Union: Meeting between United Steelworkers and Nippon goes nowhere

The union sent a letter to the U.S. Senate, urging it to oppose a merger with the Japanese company

No progress was made in a high-stakes meeting Thursday between executives from the United Steelworkers and Nippon Steel, according to the union. The meeting was an effort by Nippon Steel to gain the support of union leadership for the Japanese company’s planned acquisition of U.S. Steel for about $15 billion. 

"I’m going to try to stop the deal," said David McCall, president of the United Steelworkers. "It’s not good for our members. It’s not good for our country." 

"Nippon Steel has deep respect for the unionized employees at U.S. Steel," a Nippon Steel spokesperson said in a statement. "We look forward to continuing these conversations with the [union]."

Last week, the union sent a letter to all 100 U.S. senators, urging opposition and scrutiny of the proposed merger. 


US Capitol building

The U.S. Capitol June 5, 2003, in Washington, D.C. (Stefan Zaklin/Getty Images / Getty Images)

"American jobs are at stake, and failure to protect one of our core domestic industries presents opportunities for foreign competitors and countries, like China, to undermine our economic and national security," McCall wrote. 

The union is "actively engaged" with the U.S. Treasury’s Committee on Foreign Investment in the United States with concerns about the merger, the letter to lawmakers states. It urges lawmaker support of the union’s efforts to stop the deal.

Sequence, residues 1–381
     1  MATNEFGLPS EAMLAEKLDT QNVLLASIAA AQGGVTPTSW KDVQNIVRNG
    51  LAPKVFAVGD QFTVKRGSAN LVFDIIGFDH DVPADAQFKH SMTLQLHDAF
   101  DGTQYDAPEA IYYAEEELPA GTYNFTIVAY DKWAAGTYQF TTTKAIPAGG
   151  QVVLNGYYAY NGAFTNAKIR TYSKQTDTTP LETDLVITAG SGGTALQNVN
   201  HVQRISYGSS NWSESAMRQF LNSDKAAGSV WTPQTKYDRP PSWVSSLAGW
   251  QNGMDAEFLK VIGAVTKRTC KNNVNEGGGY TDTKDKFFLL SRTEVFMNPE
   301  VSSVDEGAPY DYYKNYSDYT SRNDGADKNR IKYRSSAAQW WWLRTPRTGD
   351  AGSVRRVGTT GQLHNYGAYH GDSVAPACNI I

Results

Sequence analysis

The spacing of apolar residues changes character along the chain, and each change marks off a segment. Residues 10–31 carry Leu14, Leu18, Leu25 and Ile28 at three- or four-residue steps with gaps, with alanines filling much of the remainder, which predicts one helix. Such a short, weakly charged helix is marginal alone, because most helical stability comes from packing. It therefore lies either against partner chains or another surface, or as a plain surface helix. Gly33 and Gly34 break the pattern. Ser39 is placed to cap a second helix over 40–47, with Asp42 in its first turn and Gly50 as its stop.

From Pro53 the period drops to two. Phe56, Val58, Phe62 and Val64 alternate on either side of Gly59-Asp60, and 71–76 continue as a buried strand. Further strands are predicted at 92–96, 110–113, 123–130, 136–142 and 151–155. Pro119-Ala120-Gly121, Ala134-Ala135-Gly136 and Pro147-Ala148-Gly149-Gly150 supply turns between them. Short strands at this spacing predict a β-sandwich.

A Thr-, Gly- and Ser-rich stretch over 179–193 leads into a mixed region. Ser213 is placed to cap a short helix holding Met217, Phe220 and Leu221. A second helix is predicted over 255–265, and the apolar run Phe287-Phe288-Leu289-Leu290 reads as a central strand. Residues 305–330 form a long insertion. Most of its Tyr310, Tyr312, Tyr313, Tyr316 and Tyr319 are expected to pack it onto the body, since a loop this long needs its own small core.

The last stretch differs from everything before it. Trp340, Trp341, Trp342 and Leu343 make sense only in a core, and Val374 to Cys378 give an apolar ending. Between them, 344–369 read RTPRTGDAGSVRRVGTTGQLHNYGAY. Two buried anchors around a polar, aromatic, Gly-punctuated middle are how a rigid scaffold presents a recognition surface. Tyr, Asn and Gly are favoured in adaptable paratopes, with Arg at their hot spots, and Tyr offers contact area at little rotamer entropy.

The Treasury department declined to comment. 

The union’s primary concern is job security. Nippon would not be bound by the union’s collective bargaining agreement with U.S. Steel, McCall said.

"[W]e provided the [union] with specific commitments, which we believe address each of the union’s concerns that have been raised in our working sessions to date, including job security, capital investment and technology sharing," the Nippon spokesperson said. 

Nippon’s executives have promised they would honor the union’s collective bargaining agreement, would not cut jobs or close plants and keep the U.S. Steel name and headquarters in Pittsburgh. 

Treasury Secretary Janet Yellen testifies on Capitol Hill

U.S. Treasury Secretary Janet Yellen testifying before the House Committee on Financial Services in Washington, D.C., Feb. 6, 2024. (Aaron Schwartz/NurPhoto via Getty Images / Getty Images)

Still, union leadership remains concerned.

"At this point, they’re a completely unqualified successor under our labor agreement," said McCall. 


A spokesperson for U.S. Steel said in a statement the company was pleased a Nippon executive "spent time getting to know many of our stakeholders in Pittsburgh." 

"In partnership with Nippon Steel, U.S. Steel looks forward to another 120-plus years of steel making in Pittsburgh," the spokesperson said.


Pennsylvania Lt. Gov. and U.S. Senate candidate John Fetterman speaks alongside his wife Gisele Fetterman and children during his 2022 U.S. midterm election night party in Pittsburgh Nov. 9, 2022. (Reuters/Quinn Gablicki / Reuters Photos)

The proposed acquisition by a foreign company sparked outcry across the political spectrum when first announced in December. Democratic Sen. John Fetterman of Pennsylvania vowed to block the "outrageous" merger. And former President Trump said he too would stop the deal.  

President Biden has not publicly commented on the sale of U.S. Steel, though top White House aides said in December the acquisition merits "serious scrutiny."

"President Biden is the most pro-union president that we’ve ever had," McCall said in his interview with FOX Business, adding he is confident Biden will stop the merger.


"We haven’t made an endorsement yet. We’ll do it in the near future," McCall added.

McCall says the union will pursue its grievances, including arbitration, and will reach out to the administration about concerns.